This morning Jeffrey Hollender, the Chairman of Seventh Generation, gave the keynote for our Green Enterprise 2010 Seminar.
One powerful concept he described was “full cost” sustainability accounting whereby companies are required to include their external environmental costs (ie. things like pollution or resource consumption) into their corporate earnings. Read the rest of this entry »
We’ve excited to announce our next Groom Energy seminar, entitled Green Enterprise 2010, which will be held April 15th at the Embassy Suites Hotel near Boston’s Logan Airport.
As with our previous seminars our target audience remains corporate energy and sustainability managers who wish to hear and discuss best practices, case study based observations.
Last year our first two seminars had a direct focus on the emerging market for Enterprise Carbon Accounting (ECA), a market we had identified and about which we published research. Our February 25th Boston ECA event featured Mindy Lubber from Ceres who likened climate impact to an off balance sheet risk which should be disclosed by public companies. Our follow-on May 14th San Francisco ECA event was highlighted by a practical case study panel with presentations from Applied Materials, HP, Intuit and Sony. Read the rest of this entry »
The basis for our research report started back in 2006. At that time, as Groom Energy engineers were working with a F500 customer to build a GHG reduction budget, it occured to us that GHG tracking and reporting would eventually represent a fundamentally new process within every large company. Even by then, staying on top of reporting for the EPA’s Climate Leaders was requiring more and more time for our customers. It was no surprise that spreadsheet tools were not going to scale – but it was the collaboration necessary to even gather and manage the data where the gap was most obvious.
What most people don’t know is that we even made a concerted effort to start our own Groom Energy spin-out GHG software company. We had surveyed the market through our customers, found only a few third party software packages, and thought we saw a path to a new class of enterprise software, calling it “enterprise carbon accounting” or ECA for short. (all new markets need a name, right?)
Within a few months we had detailed the basic software functionality and even recruited a software team to start building it. After several initial meetings with traditional software VC’s in Boston (most of whom couldn’t spell G-H-G, but all of whom understood enterprise software) we sensed it was going to be a long slog to get early stage funding based on our powerpoint-ware. Either we had bad breath, couldn’t convey the opportunity correctly or needed to live on Sand Hill Road…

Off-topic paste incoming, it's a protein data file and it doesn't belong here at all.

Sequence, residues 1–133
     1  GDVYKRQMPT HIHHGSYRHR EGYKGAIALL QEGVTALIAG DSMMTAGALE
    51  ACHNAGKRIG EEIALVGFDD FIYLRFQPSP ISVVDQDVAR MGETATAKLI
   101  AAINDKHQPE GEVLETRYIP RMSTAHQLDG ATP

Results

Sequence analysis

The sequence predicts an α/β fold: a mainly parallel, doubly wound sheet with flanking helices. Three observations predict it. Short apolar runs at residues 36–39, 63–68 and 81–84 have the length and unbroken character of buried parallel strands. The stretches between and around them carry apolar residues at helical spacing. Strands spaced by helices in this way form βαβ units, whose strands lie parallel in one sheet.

Within a few months of our effort we starting uncovering more new ECA vendors, some established EHS vendors with GHG extensions, some VC funded pure start ups, some larger software companies who added GHG modules. It seemed each week we were adding a new entrant to our wiki list, which was more and more daunting. At 10 known players we were concerned. At 20, we knew were were too late and abandoned our effort. At 30, we knew that our customers were just as overwhelmed trying to understand the offerings, all while building their own strategies internally.
And hence the idea for our ECA research report was born. We saw that the best way to leverage our effort was to help our customers with a more concrete deliverable – customer based research which could be regularly updated as the market developed. Not as profound as an entirely new company, but worthwhile nonetheless. The good news is that market response has been a bit overwhelming…
Check out the latest report and, if you’re an entrepreneur considering your own ECA software start up, study the vendor list carefully – its up to 60 and still going….
On Thursday I participated on a panel at the Northeast Campus Sustainability Consortium Conference in Burlington, VT. Our panel hosted a discussion about how universities and colleges (650+ of whom have signed the Presidential Climate Commitment (PCC)) should consider financing their efforts to become carbon neutral.
Not surprisingly, at the time they signed up most institutions didn’t focus of the financial costs for going carbon neutral - now a few years later it’s becoming more clear that the big issue (beyond behavior change) is where is the money to make this possible?
Today, getting an entire institution close to carbon neutral can only be achieved by purchasing REC’s or offsets. This is probably a reason why Harvard and Yale have yet to sign the PCC, as they would be perceived as buying their way to neutrality with their now smaller, but still large endowments.
The good news is that the PCC goals are LONG TERM – when you’re an institution with plans to be around for the next 100 years, you can talk about the year 2050 in academic terms. However, each year that passes after making a PCC announcement it will become more clear how unprepared these institutions are to make significant progress, except through buying REC’s and offsets. There’s no silver bullet for Mr. University (or anyone else) to pay for new solar arrays, CHP systems or all new EV fleet. An extra green student fee won’t do it. Most have already attacked the “low hanging fruit” early on – so their respective annual report cards will be pretty hollow without some serious investment.
Which is why I’m a bit skeptical about the chance of success for the PCC.
Compare the PCC to the EPA’s Climate Leader (CL) program. CL has had similar signup momentum with over 250 large companies committing to reduce their climate impact over a multi-year period. Where the PCC talks about Carbon Neutrality in the next 20-40 years, the Climate Leaders’ goals are typically for 10-15% reductions over a 3-5 year period. Where the PCC members chose to require a profound multi-decade goal, CL members chose Kyoto-like targets. The CL annual reduction targets are being tracked and several corporations are now preparing their next targets, having achieved their initial targets in the last year.